Professor of neuroscience Matthew Walker, who’s worked with elite athletes, has described sleep as “the greatest legal performance-enhancing drug”, citing how top athletes such as Roger Federer and Lebron James sleep around 12hrs a night.
Training and racing on minimal sleep is sometimes seen as a badge of honour, but if the benefits of a good night’s sleep are true, then maybe we need to flip our thinking to reap new rewards.
How much sleep do athletes need?
Sleep duration and quality are both key if we want to boost our performance as much as possible, and those who train regularly have been shown to need more sleep (9-10hrs a day) than non-athletes (7-8hrs a day) to allow for 1-2 additional sleep cycles.
What are the different stages of sleep?
Each sleep cycle is around 90mins and divided up into four sections, three of which boost performance:
Stage one lasts 5–10mins and is your transition into sleep. You lose awareness and muscles relax.
Stage two, which lasts around 20mins, is where cognitive function develops. It’s key for learning techniques and movements and the shifting of motor memory from conscious to subconscious. Alertness and concentration are also enhanced.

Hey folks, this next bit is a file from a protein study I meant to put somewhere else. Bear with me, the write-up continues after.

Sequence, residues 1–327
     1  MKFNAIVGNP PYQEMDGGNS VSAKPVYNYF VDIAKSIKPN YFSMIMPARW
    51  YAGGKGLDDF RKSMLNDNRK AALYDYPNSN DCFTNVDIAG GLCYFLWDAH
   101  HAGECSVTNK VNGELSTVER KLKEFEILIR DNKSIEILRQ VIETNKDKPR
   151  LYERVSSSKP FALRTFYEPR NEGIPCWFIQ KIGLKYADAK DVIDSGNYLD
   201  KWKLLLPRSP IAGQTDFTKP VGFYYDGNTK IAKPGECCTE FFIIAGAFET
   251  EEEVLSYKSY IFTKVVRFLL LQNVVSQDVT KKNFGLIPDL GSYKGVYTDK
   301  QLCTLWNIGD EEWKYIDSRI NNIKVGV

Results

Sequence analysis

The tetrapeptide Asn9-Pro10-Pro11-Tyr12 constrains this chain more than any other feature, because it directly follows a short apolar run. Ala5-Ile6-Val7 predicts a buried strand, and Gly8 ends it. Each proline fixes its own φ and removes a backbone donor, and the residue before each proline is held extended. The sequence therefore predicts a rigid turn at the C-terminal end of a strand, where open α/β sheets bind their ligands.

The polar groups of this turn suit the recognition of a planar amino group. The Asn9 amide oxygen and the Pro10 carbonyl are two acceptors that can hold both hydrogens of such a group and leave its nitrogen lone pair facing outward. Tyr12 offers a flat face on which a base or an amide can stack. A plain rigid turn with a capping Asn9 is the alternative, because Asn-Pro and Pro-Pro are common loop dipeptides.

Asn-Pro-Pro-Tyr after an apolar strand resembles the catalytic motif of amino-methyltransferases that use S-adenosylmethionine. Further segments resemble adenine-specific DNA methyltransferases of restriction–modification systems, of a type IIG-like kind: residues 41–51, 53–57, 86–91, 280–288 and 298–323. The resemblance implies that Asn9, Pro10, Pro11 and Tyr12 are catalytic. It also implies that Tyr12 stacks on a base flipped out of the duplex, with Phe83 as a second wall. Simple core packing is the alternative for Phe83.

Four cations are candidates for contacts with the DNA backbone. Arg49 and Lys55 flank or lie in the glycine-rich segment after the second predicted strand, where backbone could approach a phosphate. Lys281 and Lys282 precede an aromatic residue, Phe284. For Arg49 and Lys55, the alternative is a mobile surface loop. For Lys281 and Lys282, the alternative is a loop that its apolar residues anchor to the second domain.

Stage three is a deeper sleep, which enhances physical recovery through an increase in growth hormone and a decreased production of cortisol, the stress hormone. After the age of 20, most people get less of this sleep, despite it being just as important.
Stage four is rapid eye movement (REM) sleep, reached about 70mins after you first fall asleep, sees 50% more blood flow to the brain to enhance cardiovascular, emotional and mental health.
How much does sleep affect athletic performance?
Getting enough good-quality sleep has been shown to reduce perception of exertion, increase time to exhaustion during exercise, and improve reaction times and time-trial performance. It also enhances motor function, alertness, peak muscle strength and even the ability to sweat efficiently. Injury risk also has a linear relationship to sleep time. While losing weight might not be something you need to do to improve performance, a lack of sleep has an impact on specific hormones that control fat burning, metabolism and appetite, with one study showing subjects ate 22% more with 3-4hrs less sleep.
How can athletes sleep better?
To ensure a good night’s sleep, we must first accept that sleep is key to performance, then build a pre-sleep ritual: avoid alcohol and caffeine, create a dark and cool room with no clock or electronic gadgets and stretch for a few minutes before bedtime.
More sleep advice for athletes